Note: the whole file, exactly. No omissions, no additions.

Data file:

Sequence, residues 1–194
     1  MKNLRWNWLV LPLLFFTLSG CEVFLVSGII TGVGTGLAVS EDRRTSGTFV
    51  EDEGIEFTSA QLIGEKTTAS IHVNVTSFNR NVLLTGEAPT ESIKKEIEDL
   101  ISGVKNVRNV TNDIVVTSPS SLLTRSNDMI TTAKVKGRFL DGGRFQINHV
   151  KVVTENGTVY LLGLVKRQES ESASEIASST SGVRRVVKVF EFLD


Sequence, residues 1–194
     1  MKNLRWNWLV LPLLFFTLSG CEVFLVSGII TGVGTGLAVS EDRRTSGTFV
    51  EDEGIEFTSA QLIGEKTTAS IHVNVTSFNR NVLLTGEAPT ESIKKEIEDL
   101  ISGVKNVRNV TNDIVVTSPS SLLTRSNDMI TTAKVKGRFL DGGRFQINHV
   151  KVVTENGTVY LLGLVKRQES ESASEIASST SGVRRVVKVF EFLD